Okay first things first. What’s a pandowdy? Or is it pan dowdy?
And does “dowdy” mean what I think it means? Antiquated? Homely? Unfashionable? Dingy? Drab? Frumpy? Shabby? Unkempt?
Firstly, I’ve seen it spelled both ways. So take your choice. I prefer the one word spelling.
Secondly, dowdy does indeed imply all these things, but in the context of this dessert it simply means homey, uncomplicated, unfussy. And with an ironic twist, the act of cooking it in an old-fashioned cast iron skillet and serving it bubbling hot from that same skillet may have been simple and homey in it’s day but it’s high glamor today. If I had a restaurant, that’s how I’d serve it. In individual cast iron skillets.
Okay, back to basics. A pandowdy is typically described as a deep-dish, spiced apple “pie” or “cobbler” sweetened with sugar, molasses, and/or maple syrup, and covered with a rich, tender crust. All true.
It’s also an easy, casual dessert that arose from the hard working character of the United States in the 1800s and early 1900s. There’s nothing fancy or expensive about it. And yet it has character for days. Layers of evocative flavor and satisfying texture. Food for the heart. And the soul.
Add homemade ice cream and you may never want traditional, two-crust apple pie again.
Pandowdy gets its name from the method used in its construction. In its earlier form, an apple-based filling was baked in a crust-lined casserole and then after baking, the crust was “dowdied” or broken into pieces. As the “pie” cooled, the broken crust absorbed the apple juices, creating an almost pudding like concoction. This comfort food classic was served right from its baking pan.
It may still be done this way in some homes across America (definitely the serve it straight from the pan aspect) but the version I grew up with flipped the crust from the bottom to the top of the apples. This enables a crunchy-crisp crust on top with only a bit of juice absorption on the portions of the crust that come into contact with the apple juices beneath.
You can of course top the caramelized apples with a simple round of short-crust pastry and call it good. But that’s a tad too elegant for this homespun desert. I like to cut the rolled pastry into squares or triangles and overlap them slightly on top instead. If you want to be cute, use a flower cookie cutter. If you want your pandowdy to scream Homespun, cut the pastry helter-skelter into a hundred tiny, irregular pieces with a pizza cutter. Let your muse run wild.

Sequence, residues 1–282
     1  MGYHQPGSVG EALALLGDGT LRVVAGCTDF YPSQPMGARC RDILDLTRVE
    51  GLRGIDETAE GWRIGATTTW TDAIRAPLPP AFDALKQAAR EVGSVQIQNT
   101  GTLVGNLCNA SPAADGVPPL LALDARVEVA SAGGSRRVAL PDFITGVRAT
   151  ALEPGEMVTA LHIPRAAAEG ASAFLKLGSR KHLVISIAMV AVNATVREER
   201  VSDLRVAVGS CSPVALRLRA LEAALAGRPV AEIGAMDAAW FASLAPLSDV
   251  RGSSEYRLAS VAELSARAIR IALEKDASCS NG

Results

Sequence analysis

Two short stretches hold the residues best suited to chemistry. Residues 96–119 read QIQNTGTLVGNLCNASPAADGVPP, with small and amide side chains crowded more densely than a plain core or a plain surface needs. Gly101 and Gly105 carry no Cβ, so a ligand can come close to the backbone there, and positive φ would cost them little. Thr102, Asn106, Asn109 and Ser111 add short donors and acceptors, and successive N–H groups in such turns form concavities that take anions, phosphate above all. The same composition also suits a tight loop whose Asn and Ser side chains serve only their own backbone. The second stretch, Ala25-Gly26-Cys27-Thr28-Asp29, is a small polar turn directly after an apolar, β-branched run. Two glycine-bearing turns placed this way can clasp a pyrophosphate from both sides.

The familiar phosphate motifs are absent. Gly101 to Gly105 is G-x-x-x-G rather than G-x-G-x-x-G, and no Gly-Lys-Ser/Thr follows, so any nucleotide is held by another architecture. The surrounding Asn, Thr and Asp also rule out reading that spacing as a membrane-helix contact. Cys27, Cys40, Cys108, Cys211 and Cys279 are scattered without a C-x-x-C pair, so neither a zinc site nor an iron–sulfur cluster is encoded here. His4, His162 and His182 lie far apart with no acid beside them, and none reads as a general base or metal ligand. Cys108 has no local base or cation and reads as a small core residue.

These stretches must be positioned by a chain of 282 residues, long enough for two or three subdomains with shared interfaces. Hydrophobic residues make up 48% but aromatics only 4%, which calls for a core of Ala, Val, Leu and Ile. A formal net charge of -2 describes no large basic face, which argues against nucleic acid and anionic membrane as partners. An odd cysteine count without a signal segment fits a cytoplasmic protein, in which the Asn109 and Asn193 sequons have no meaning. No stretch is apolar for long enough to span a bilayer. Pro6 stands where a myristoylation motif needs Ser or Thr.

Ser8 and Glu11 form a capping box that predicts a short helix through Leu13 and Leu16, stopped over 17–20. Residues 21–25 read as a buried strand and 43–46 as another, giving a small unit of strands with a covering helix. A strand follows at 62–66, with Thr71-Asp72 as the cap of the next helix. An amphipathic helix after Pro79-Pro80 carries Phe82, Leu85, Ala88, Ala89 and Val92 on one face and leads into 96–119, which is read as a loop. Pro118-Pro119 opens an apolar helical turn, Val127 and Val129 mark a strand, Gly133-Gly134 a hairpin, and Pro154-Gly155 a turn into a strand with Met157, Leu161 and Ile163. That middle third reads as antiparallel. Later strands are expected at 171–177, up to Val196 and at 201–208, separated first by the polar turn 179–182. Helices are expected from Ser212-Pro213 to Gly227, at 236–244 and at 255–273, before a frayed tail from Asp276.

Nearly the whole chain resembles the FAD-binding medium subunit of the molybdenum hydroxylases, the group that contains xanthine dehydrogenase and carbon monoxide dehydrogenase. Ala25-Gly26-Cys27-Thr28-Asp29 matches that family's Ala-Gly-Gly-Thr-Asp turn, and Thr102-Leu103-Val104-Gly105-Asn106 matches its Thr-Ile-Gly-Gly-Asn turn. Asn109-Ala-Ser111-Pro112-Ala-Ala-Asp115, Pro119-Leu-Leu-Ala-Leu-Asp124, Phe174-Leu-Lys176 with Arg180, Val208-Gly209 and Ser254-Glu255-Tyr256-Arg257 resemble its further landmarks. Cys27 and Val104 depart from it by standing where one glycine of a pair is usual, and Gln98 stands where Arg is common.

Regardless, what you’ll end up with in your hot cast iron skillet is tender baked apples in an aromatic, bubbling brew of deeply spiced caramel, topped with buttery, caramel kissed pastry.
Seriously, why aren’t you in the kitchen?
Apple Pandowdy (Juicy Caramel, Upside-Down, Broken Crust Skillet Pie)
What’s great about this thickly juicy, intensely apple skillet pie, besides the terrific taste and homey look, is how easy it is to make. No bottom crust, and no fussy edging on the top crust.
Optional: Follow basic recipe, adding ½ teaspoon baking powder to the flour measurement
3 tablespoons unsalted butter, cubed and chilled
3/4 cup sugar
1/4 cup unsweetened apple cider
3 tablespoon cornstarch
1½ tablespoons molasses
1 teaspoon fresh lemon juice
1 teaspoon ground cinnamon
½ teaspoon ground cloves
½ teaspoon fine sea salt
3 pounds (4-5) medium-large baking apples, such as Granny Smith, Honeycrisp, Jonathan, Braeburn, Cortland, Fuji, Zestar, and/or Elstar cored, peeled, quartered lengthwise, and each piece cut lengthwise into three 1/2-inch at the base slices. About 6 cups prepared.
2 tablespoons heavy cream
vanilla ice cream (optional)
- Position rack in the middle of the oven. Heat oven to 375°F.
- To complete dough, after chilling, wrapped in plastic wrap, for 2 hours, on a lightly floured surface, roll dough a scant 1/4-inch thick and trim edges to make a 9-inch square.
- Cut dough into 3″ squares; chill until ready to use.
- To prepare filling, in a 10 1/2 -inch, cast-iron skillet, combine butter, sugar, cider, cornstarch, molasses, lemon juice, cinnamon, cloves, salt, and apples. Cook over medium-high heat for 10 minutes.
- Arrange dough squares over apples and brush with cream. Carefully (the pan is hot!) transfer to the oven and bake for 20 minutes.
- Using a spatula, press crust into filling.
- Continue baking until the crust is golden, 18–20 minutes.
- Carefully remove from the oven and let cool 5-10 minutes before cutting into wedges or scooping to serve. It won’t be neat and tidy. That’s perfect.
- If desired, accompany with vanilla ice cream.
Copyright 2021 Susan S. Bradley. All rights reserved.